Spencer M. Richards

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Spencer M. Richards


Spencer is a Ph.D. student in the Aeronautics and Astronautics Department. Currently, he focuses on learning-based control for robotic systems. He works to create agents that learn safely and efficiently in the real world by leveraging tools from both control theory and machine learning. In general, he is interested in determining theoretic safety guarantees for dynamical systems, and how they translate into practice.

Previously, he completed his M.Sc. in Robotics, Systems, and Control at ETH Zürich, and his B.ASc. in Engineering Science (with a Major in Aerospace Engineering) at the University of Toronto. At ETH Zürich, he conducted his Master’s thesis on safe reinforcement learning with Felix Berkenkamp and Prof. Andreas Krause. He also worked on theory for mobility-on-demand systems with Claudio Ruch and Prof. Emilio Frazzoli. At the University of Toronto Institute for Aerospace Studies (UTIAS), he worked on state estimation for drones during his Bachelor’s thesis with Prof. Angela Schoellig. As an intern at Verity Studios, he developed autonomous flying machines for live entertainment with Prof. Raffaello D’Andrea.


ASL Publications

  1. J. Schilliger, T. Lew, S. M. Richards, S. Hanggi, M. Pavone, and C. Onder, “Control Barrier Functions for Cyber-Physical Systems and Applications to NMPC,” IEEE Robotics and Automation Letters, Aug. 2021. (In Press)

    Abstract: Tractable safety-ensuring algorithms for cyber-physical systems are important in critical applications. Approaches based on Control Barrier Functions assume continuous enforcement, which is not possible in an online fashion. This paper presents two tractable algorithms to ensure forward invariance of discrete-time controlled cyber-physical systems. Both approaches are based on Control Barrier Functions to provide strict mathematical safety guarantees. The first algorithm exploits Lipschitz continuity and formulates the safety condition as a robust program which is subsequently relaxed to a set of affine conditions. The second algorithm is inspired by tube-NMPC and uses an affine Control Barrier Function formulation in conjunction with an auxiliary controller to guarantee safety of the system. We combine an approximate NMPC controller with the second algorithm to guarantee strict safety despite approximated constraints and show its effectiveness experimentally on a mini-Segway.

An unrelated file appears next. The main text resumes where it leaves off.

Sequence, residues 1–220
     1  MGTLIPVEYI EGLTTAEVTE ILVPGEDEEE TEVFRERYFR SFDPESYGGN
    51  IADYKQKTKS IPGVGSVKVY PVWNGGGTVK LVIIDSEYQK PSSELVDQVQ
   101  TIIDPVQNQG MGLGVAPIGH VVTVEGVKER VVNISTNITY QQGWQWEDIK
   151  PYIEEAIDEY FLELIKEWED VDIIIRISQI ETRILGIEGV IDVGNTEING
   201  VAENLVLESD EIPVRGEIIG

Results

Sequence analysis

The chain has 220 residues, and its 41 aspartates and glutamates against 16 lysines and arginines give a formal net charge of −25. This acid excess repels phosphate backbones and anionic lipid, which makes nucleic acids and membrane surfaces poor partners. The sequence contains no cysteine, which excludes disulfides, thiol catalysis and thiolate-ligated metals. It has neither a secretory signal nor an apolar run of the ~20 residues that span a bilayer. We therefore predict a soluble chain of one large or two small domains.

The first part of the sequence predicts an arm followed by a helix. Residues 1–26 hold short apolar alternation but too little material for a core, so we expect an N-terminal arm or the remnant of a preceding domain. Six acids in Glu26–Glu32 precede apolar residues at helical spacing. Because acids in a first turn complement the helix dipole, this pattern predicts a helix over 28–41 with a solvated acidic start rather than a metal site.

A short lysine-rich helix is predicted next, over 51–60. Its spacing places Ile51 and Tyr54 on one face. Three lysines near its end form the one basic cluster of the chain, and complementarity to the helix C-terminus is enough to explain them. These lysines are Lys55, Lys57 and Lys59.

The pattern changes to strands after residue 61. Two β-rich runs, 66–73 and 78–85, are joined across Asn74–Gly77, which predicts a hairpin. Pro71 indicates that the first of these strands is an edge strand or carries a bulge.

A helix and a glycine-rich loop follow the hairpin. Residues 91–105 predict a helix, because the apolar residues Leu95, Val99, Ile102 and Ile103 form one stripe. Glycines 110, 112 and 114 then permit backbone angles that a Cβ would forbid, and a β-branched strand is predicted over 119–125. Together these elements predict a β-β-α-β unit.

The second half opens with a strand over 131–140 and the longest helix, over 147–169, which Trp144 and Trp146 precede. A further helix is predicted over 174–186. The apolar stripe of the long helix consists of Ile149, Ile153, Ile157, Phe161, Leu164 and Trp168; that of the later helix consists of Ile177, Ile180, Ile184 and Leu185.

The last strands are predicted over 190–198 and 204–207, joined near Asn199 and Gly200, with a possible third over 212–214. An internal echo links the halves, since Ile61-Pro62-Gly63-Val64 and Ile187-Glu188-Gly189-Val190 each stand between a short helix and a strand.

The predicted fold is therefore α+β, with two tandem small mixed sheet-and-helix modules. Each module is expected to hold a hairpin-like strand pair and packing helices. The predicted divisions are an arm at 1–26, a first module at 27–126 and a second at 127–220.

@article{SchilligerEtAl2021,
      author = {Schilliger, J. and Lew, T. and Richards, S.~M. and Hanggi, S. and Pavone, M. and Onder, C.},
      title = {Control Barrier Functions for Cyber-Physical Systems and Applications to NMPC},
      journal = {{IEEE Robotics and Automation Letters}},
      year = {2021},
      note = {In Press},
      month = aug,
      url = {https://arxiv.org/abs/2104.14250},
      keywords = {press},
      owner = {lew},
      timestamp = {2021-08-23}
    }
    
  2. S. M. Richards, N. Azizan, J.-J. E. Slotine, and M. Pavone, “Adaptive-Control-Oriented Meta-Learning for Nonlinear Systems,” in Robotics: Science and Systems, Virtual, 2021. (In Press)

    Abstract: Real-time adaptation is imperative to the control of robots operating in complex, dynamic environments. Adaptive control laws can endow even nonlinear systems with good trajectory tracking performance, provided that any uncertain dynamics terms are linearly parameterizable with known nonlinear features. However, it is often difficult to specify such features a priori, such as for aerodynamic disturbances on rotorcraft or interaction forces between a manipulator arm and various objects. In this paper, we turn to data-driven modeling with neural networks to learn, offline from past data, an adaptive controller with an internal parametric model of these nonlinear features. Our key insight is that we can better prepare the controller for deployment with control-oriented meta-learning of features in closed-loop simulation, rather than regression-oriented meta-learning of features to fit input-output data. Specifically, we meta-learn the adaptive controller with closed-loop tracking simulation as the base-learner and the average tracking error as the meta-objective. With a nonlinear planar rotorcraft subject to wind, we demonstrate that our adaptive controller outperforms other controllers trained with regression-oriented meta-learning when deployed in closed-loop for trajectory tracking control.

    @inproceedings{RichardsAzizanEtAl2021,
      author = {Richards, S. M. and Azizan, N. and Slotine, J.-J. E. and Pavone, M.},
      title = {Adaptive-Control-Oriented Meta-Learning for Nonlinear Systems},
      booktitle = {{Robotics: Science and Systems}},
      year = {2021},